Sunday, June 16, 2024

Queen Elizabeth could deal blow to Botswana’s safari hunting

The Animal Welfare Bill which Queen Elizabeth II is expected to announce in her next speech to the British Parliament, could spell doom for a tourism sector that President Mokgweetsi Masisi is trying to revive. British media is reporting that the Bill will propose to ban the import of trophies by wild animal hunters. In economic terms, that is bad news for Botswana, especially for communities in wildlife management areas that literally made a killing when Masisi lifted the ban on hunting last year.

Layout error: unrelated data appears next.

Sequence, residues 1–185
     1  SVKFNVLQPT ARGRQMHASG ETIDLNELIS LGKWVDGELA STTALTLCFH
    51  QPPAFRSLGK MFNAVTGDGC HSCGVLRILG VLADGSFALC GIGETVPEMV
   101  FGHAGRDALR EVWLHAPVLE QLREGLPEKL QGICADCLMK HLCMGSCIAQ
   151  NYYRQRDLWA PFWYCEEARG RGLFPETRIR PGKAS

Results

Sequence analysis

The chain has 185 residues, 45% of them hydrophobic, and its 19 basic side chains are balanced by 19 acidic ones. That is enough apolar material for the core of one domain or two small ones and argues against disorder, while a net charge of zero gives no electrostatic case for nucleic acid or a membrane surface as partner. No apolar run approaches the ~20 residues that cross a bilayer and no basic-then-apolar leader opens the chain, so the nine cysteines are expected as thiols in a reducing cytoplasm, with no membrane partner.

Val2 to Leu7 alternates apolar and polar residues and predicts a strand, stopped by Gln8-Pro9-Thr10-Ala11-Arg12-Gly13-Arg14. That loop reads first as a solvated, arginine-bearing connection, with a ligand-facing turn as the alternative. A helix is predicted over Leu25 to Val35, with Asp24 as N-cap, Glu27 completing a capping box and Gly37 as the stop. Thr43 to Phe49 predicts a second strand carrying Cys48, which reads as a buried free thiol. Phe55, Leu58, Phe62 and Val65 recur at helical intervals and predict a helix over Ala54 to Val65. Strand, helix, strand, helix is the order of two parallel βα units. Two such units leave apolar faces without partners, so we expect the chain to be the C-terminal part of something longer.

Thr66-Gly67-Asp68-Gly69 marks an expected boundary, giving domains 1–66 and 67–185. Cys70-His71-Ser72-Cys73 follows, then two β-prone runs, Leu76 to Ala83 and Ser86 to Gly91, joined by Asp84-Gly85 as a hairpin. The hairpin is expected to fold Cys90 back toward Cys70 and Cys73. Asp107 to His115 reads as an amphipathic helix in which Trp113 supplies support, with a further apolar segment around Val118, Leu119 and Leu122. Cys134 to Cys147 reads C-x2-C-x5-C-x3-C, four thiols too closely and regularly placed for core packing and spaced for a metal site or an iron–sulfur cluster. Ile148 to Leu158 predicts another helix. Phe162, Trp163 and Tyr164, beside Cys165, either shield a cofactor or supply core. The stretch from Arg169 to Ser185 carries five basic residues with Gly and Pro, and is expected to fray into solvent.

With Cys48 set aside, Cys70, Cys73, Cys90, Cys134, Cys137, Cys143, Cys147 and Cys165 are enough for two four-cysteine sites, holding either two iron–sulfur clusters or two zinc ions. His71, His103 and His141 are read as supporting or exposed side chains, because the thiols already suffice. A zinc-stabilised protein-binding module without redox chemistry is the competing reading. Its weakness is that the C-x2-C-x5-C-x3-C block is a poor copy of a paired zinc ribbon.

There is a select group of mostly western tourists who visit Botswana to hunt big game like lions and elephants, then hack off the heads and take them back home as trophies. On that list would be former Spanish king, Juan Carlos, who had to be airlifted out of the Okavango Delta in 2012 after he sustained a hip injury during an ill-fated lion hunt. With Masisi having re-opened hunting, communities in wildlife management areas are once more making money from wildlife that they auction to big-pocketed hunters. Earlier this year, Sunday Standard reported that residents of Kazungula, Lesoma and Pandamatenga made P7 million from the sale of a variety of game. For this year, the three Chobe villages were given a quota of 10 elephants, 10 zebra, 10 warthogs, 5 buffalo, 2 eland, 2 kudu, 2 leopard, 5 baboons and 20 impala. All were auctioned off on March 17 this year at the Chobe District Council chamber in Kasane through a joint body (KALEPA Trust) whose name comes that of the three villages.